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How to Reduce International Air Freight Costs

9 practical tips to move high-value freight fast, without overspending


Air freight is the fastest, most predictable mode of transport. That’s why it’s a mode of choice for companies with high-value, high-demand products such as semiconductor equipment and pharmaceutical products.

But it’s also the most expensive way to move goods – according to a recent World Bank Study, as much as 12–16 times the cost of sea freight. While freight expenses may represent a smaller percentage of overall revenue for companies with high-value freight, these companies still can’t afford to overspend. This eBook provides 9 practical tips to easily find six- or seven-figure savings opportunities in your air freight shipping program.


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9 Practical Tips

1. Consider More Flexible Transit Times

In international transportation, you pay for speed. Air freight is the most expensive shipping method by far. But there are different tiers of service within air freight, each with a different price point:

The more flexible you can be with transit time requirements, the more you’ll save.

It’s no different in our personal lives. Let’s say you need a car service for a one-hour trip to the airport for an important 2:00 PM flight, but you can’t leave until noon. You may need to book a limo with a precise pick-up and drop-off time. But if you have freed up your morning for the trip to the airport, other options become available – like a multi-passenger airport shuttle bus. The trip will be slower as you pick up eight other passengers in route. But you’ll make your flight – and you’ll save a bunch of money in the process.

Typical Air Freight Service Levels

Similarly, shifting from standard air to deferred air opens up huge cost-saving possibilities. If a freight forwarder like Dimerco Express Group has five extra days to move air freight, they can combine your load with other air freight to build more economical, consolidated loads. These loads can be built with the ideal size and weight combination to minimize the carriers’ chargeable weight.

Longer transit times also broaden the number of carriers and routing possibilities that can be considered. More competitors and more routing options typically yield a much better rate.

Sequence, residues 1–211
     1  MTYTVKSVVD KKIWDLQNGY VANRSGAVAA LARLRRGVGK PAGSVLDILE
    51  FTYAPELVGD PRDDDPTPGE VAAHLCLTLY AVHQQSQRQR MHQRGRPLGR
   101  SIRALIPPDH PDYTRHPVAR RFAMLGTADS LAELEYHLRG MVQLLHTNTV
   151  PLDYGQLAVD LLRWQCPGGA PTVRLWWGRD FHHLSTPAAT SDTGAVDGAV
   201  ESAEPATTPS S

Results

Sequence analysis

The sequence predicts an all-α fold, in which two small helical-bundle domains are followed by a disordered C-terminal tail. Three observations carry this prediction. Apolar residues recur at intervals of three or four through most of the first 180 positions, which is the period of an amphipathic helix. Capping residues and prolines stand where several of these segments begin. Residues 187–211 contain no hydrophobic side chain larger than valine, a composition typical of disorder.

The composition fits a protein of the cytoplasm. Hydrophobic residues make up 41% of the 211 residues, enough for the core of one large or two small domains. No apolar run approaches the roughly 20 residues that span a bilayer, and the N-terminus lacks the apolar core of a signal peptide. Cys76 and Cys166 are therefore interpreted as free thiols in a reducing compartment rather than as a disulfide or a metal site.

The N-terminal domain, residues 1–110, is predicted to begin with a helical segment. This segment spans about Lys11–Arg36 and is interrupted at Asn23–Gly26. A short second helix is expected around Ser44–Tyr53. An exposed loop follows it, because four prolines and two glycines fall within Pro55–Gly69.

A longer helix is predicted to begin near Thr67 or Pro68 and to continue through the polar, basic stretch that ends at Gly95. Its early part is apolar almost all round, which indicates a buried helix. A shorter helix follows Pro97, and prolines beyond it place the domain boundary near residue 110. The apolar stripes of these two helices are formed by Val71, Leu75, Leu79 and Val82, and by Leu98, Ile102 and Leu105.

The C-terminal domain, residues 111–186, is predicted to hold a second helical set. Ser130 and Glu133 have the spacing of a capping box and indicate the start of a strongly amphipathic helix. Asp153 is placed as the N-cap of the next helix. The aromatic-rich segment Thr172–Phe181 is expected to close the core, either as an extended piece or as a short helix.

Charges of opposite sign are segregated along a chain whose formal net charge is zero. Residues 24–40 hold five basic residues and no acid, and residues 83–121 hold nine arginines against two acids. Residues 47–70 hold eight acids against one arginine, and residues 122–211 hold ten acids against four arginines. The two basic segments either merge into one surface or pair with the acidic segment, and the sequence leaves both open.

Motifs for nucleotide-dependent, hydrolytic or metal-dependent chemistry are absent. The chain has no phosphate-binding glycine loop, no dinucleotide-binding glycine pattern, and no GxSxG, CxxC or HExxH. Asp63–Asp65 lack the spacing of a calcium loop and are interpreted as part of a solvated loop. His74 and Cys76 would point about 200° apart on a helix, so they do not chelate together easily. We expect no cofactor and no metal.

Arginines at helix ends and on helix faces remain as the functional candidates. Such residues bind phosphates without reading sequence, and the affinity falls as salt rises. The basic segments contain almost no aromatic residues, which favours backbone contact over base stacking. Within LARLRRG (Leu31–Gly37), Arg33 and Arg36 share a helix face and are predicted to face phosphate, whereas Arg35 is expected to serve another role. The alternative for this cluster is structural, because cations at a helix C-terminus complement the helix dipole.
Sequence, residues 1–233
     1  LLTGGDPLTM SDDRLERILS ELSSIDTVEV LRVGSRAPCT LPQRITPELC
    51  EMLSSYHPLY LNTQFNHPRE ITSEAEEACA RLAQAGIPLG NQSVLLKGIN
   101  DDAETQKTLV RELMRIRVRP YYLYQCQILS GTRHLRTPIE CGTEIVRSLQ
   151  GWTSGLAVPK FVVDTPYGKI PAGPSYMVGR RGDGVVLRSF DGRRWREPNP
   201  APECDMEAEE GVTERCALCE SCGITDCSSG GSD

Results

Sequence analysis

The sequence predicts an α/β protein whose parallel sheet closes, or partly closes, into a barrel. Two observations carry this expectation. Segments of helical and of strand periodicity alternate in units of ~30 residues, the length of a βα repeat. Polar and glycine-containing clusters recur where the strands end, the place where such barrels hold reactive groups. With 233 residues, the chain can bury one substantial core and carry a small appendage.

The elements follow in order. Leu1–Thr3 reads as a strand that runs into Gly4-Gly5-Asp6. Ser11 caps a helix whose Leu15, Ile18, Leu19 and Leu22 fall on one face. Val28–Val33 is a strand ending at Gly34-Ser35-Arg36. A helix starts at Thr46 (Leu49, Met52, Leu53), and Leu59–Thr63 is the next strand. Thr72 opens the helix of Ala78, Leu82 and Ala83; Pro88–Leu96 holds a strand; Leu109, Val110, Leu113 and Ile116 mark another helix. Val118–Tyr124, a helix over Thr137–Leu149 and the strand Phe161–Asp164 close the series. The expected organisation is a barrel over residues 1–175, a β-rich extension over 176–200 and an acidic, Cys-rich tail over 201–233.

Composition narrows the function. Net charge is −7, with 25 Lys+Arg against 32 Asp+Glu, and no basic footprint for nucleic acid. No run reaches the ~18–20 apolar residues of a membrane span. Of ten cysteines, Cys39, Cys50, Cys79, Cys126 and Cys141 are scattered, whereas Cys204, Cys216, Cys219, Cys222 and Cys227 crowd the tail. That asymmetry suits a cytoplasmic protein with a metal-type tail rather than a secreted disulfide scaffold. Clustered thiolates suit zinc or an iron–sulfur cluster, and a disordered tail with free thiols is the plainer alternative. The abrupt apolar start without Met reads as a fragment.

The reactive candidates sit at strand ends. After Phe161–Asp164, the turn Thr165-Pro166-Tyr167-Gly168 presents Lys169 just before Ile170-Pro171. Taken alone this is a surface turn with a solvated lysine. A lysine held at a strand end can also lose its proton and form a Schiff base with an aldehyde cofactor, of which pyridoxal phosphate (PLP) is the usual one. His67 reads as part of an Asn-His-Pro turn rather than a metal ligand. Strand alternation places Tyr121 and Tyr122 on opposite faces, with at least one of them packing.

How much can you save? In our experience, 10–30% savings is possible with a little added flexibility. If you are a large semiconductor company with an annual air freight budget of $30 million, the math gets pretty compelling.

Check out the following case study on a technology company that shifted a greater portion of its freight from standard to deferred air.


Case Study: Shift to deferred air service yields more than $1.5 million in savings for leading global semiconductor company

A leading global semiconductor company sends close to 25,000 critical equipment shipments a year from the U.S. to its semiconductor manufacturing customers in China, Japan, and Southeast Asia. Express and standard air service accounted for close to 90% of the shipments, with the balance being deferred.

As part of a cost cutting effort, the company identified certain products that were less urgent and shifted these shipments to deferred air, bumping the percentage of deferred from 10% to 15%. The average cost differential between the two service levels: $0.60/kg.

This small shift generated annualized savings of more than $1.5 million – with no impact on customer production schedules in Asia.

The shift to more deferred air effectively gave the company’s freight forwarder more time – several weeks, if needed – to arrange consolidations and otherwise optimize the freight. But in actual practice, loads sat for no more than a week before being shipped.

The accompanying “Before & After” chart illustrates how a relatively minor shift in service levels can have an enormous impact on a company’s profit line.

Percent of Air Freight Services

2. Redesign Upstream Processes

Lots of money can be saved in air freight when the logistics team challenges its internal customers with one key question: “Do you need it that fast?”

Too often, the logistics team assumes that service level agreements put together by the manufacturer’s sales team or the part request from the field engineer reflect necessary ship-time requirements.